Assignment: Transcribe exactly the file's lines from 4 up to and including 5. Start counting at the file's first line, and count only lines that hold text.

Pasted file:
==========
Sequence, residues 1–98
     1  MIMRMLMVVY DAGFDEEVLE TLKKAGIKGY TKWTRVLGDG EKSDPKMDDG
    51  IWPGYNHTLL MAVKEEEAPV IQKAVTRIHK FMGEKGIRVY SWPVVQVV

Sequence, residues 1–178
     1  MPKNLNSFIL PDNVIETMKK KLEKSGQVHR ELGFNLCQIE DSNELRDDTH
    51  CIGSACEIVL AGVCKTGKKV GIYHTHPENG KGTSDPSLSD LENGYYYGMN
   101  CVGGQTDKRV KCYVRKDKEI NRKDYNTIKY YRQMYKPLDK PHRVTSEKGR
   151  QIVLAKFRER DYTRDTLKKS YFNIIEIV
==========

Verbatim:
Sequence, residues 1–178
     1  MPKNLNSFIL PDNVIETMKK KLEKSGQVHR ELGFNLCQIE DSNELRDDTH